Ruthven Barracks was another accidental find, just down the road from where my Aunt and her family live. We actually saw it from the road as we were driving down and came off at the following junction to try and find it. I'm glad we did, because it was so lovely and definitely worth the visit. Ruins always seem to provide the most fun for all the family and we all had a lovely time exploring.

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Walking up the hill to it was a bit of a slog, especially when Squidgy decided that she was too tired to walk and her legs hurt. Funnily enough, once inside she seemed to forget she had been moaning five seconds before... and ran around so excited to see what she could find. No alcove, wall and room was safe from our girls loud exploration and their favourite part was the hole in the cider cellar over looking the land below.

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Fort Augustus, Loch Ness

Loch Ness has got to be one of the most famous landmarks in the Scottish Highlands and it is such a lovely place to visit with so many little villages and places to stop all the way around it. One such place is Fort Augustus. Even better there is a lock there to watch the boats come and go. Squidgy was super fascinated by the whole experience, her first time seeing how one works.

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Seeing everything from sail boats to a massive cruise ship we didn't think was even going to fit go through the lock was amazing. Squidgy's excitement was infectious as she watched the water fall, flow and fill each section of the lock to raise and lower the ships each way. It is not a quick process, which means an hour or so of watching the boats come and go passed by before we decided it was probably time to wave goodbye and head back.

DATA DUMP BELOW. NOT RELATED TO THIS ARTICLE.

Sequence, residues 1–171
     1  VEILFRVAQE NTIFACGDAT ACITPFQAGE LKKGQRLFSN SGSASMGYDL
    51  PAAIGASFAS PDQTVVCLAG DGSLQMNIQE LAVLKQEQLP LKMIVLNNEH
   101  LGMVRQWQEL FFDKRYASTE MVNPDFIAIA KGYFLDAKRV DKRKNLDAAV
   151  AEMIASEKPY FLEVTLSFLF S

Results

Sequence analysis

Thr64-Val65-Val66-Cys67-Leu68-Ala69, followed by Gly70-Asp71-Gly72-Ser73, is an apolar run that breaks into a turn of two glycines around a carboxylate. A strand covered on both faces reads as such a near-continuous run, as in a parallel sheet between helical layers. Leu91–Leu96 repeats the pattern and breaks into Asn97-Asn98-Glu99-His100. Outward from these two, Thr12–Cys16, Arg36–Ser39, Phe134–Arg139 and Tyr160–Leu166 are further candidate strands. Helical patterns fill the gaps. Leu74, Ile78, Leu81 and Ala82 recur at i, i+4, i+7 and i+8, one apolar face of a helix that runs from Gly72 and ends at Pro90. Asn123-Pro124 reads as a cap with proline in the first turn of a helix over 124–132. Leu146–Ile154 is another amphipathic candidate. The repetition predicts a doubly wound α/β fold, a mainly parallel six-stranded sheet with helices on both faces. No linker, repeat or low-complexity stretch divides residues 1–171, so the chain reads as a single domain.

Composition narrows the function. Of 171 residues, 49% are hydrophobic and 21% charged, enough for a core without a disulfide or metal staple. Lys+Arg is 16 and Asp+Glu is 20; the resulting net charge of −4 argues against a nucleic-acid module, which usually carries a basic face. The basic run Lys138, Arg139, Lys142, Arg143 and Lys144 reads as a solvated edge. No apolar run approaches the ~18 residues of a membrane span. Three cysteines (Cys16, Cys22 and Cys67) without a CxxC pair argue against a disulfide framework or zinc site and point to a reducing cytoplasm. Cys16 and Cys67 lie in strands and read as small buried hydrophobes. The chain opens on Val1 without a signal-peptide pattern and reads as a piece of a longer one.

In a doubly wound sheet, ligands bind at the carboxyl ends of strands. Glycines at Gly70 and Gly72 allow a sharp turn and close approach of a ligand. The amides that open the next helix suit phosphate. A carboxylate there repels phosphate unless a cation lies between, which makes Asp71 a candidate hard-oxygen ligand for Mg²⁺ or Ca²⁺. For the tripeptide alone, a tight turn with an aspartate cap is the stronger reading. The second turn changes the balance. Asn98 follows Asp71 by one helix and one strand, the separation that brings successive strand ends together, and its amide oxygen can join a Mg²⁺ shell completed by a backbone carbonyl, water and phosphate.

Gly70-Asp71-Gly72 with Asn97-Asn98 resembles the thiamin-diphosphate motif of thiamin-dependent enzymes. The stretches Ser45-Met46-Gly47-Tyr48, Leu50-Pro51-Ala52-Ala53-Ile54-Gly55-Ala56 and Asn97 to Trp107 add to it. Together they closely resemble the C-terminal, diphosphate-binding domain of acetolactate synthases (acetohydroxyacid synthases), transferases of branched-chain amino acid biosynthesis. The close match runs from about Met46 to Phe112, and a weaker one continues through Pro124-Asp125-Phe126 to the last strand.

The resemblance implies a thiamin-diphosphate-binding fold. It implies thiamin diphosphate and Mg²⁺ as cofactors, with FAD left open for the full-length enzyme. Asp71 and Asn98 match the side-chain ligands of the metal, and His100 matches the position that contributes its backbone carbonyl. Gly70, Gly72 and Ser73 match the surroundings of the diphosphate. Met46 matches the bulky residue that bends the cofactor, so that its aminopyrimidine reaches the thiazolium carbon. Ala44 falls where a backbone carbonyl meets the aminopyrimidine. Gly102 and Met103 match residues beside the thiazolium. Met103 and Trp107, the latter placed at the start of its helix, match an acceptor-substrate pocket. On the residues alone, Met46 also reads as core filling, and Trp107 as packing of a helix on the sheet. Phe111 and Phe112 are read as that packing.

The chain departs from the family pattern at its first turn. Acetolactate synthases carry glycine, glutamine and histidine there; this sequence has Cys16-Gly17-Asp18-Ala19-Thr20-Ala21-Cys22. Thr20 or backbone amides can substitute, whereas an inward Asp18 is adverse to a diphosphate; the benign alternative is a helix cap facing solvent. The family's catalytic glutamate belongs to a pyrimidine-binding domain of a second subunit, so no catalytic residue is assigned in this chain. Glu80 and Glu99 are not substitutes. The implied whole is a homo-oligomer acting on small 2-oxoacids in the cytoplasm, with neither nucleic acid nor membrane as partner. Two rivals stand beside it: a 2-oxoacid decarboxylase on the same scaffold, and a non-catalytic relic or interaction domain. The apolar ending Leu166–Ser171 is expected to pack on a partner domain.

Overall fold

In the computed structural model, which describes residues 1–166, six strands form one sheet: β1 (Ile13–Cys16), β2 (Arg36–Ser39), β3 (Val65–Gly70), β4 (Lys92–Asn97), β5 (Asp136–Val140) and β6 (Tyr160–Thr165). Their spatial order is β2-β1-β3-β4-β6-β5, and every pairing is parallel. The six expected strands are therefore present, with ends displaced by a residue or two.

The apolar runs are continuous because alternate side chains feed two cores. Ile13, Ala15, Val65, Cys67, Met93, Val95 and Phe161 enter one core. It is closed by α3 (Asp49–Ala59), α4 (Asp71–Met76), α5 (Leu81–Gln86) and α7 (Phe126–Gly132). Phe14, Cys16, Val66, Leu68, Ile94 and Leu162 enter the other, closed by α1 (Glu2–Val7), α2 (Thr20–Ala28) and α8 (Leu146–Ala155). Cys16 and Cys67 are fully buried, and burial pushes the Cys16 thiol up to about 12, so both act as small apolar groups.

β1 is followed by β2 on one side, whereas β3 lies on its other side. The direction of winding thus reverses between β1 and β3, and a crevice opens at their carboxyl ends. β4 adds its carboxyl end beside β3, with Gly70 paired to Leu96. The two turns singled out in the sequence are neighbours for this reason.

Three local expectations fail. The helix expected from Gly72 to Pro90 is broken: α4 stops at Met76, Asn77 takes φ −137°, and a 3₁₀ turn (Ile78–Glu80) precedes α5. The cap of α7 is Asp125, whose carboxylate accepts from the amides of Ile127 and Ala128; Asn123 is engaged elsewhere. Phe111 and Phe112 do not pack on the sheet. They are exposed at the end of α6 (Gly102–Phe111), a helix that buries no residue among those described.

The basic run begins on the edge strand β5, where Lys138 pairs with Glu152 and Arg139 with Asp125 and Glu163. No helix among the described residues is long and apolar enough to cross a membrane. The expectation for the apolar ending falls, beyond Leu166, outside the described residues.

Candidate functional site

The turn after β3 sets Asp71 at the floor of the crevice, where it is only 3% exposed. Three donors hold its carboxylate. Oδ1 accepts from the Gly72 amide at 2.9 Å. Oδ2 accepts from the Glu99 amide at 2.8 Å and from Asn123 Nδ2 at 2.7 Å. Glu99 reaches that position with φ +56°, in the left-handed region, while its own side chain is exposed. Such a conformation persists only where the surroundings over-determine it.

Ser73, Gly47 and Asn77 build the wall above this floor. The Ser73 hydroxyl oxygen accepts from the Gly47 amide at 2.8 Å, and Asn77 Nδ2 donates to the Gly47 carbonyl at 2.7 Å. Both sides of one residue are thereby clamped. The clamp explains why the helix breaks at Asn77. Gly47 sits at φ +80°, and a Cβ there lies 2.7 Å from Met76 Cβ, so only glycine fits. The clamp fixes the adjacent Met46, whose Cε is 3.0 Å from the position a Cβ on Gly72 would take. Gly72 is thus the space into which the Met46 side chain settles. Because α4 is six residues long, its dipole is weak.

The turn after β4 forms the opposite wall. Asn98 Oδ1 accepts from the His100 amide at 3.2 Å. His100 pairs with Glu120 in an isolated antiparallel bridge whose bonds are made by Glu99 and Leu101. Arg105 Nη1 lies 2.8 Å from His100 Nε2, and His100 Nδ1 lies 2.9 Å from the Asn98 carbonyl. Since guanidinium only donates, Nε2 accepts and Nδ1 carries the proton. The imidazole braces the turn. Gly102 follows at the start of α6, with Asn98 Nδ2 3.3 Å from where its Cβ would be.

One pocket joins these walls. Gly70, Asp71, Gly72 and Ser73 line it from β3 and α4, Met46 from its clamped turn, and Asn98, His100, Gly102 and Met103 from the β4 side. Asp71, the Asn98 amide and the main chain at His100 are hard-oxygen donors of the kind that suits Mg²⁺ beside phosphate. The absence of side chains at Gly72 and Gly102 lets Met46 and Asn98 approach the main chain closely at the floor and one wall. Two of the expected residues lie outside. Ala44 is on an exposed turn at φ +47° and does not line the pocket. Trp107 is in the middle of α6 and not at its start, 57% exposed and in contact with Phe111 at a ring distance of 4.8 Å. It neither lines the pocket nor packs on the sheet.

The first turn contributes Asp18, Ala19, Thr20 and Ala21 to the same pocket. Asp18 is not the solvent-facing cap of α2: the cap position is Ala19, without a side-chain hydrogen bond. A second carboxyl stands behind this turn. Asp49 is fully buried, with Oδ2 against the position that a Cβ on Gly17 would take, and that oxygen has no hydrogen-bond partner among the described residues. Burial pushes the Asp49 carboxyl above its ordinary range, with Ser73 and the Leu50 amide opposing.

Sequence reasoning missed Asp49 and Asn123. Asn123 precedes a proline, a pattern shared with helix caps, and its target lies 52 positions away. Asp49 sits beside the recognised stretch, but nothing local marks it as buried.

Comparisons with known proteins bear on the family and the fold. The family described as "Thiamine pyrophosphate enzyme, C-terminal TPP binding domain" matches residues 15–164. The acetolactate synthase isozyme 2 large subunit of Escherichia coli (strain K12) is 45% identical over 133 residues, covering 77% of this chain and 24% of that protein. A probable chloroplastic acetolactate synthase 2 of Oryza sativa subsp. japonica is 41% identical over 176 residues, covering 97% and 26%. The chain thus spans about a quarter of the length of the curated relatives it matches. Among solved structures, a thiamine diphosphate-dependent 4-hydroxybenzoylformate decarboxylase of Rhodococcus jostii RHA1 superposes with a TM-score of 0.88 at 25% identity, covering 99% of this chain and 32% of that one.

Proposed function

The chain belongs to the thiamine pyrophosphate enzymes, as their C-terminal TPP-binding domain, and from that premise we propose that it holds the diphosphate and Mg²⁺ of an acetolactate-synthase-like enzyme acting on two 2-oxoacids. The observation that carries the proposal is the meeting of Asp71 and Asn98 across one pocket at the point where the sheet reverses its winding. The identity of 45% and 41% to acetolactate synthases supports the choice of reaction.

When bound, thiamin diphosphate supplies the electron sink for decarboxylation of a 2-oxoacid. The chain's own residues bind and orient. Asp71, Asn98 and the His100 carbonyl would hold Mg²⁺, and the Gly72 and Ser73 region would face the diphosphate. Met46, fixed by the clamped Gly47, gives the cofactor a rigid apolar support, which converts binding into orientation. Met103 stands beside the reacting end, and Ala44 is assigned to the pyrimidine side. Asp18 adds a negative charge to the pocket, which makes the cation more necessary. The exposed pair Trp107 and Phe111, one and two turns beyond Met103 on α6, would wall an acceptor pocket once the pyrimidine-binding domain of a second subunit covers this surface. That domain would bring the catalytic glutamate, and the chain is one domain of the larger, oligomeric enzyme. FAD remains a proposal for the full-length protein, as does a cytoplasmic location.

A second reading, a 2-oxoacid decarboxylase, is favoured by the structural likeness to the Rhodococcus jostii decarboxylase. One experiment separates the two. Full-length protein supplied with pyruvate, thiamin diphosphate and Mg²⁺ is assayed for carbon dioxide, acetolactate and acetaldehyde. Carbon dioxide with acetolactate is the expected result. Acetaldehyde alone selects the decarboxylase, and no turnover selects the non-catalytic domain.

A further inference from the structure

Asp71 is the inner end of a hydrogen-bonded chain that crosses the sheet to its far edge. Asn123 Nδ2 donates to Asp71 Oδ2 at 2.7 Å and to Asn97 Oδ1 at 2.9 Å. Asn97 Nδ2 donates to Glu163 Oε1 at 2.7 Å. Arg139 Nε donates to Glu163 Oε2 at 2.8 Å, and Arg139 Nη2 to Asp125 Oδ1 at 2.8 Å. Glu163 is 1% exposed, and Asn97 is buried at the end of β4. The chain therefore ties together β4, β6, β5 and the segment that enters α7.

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Logie Steading

John did a Google search for somewhere to visit on one of our final days in the Scottish Highlands and came across Logie Steading, and it was so worth the drive out to it. It was not 100% pushchair friendly, so halfway down the hill we stopped to take some photos of the amazing view over the salmon river below and John stayed with Pickle in the pushchair while Squidgy and I carried on down to explore.

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Back at the main complex there was not only a cafe which we bought ice creams from, but also little shops selling everything from local meats and whiskeys to handmade goodies. Before the walk to the river, there is also an amazing playground with little benches and adventure trail. The girls spent tonnes of time racing around, climbing up and chasing each other; complete with plenty of smiles, laughter and squeals.

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We had such an amazing time in Scotland, and I loved every second of spending time with my family and my grandparents. I can't wait for our next trip up and I know that we have so many great places that we will want to revisit when we go up again; and knowing there are free days out makes it much easier.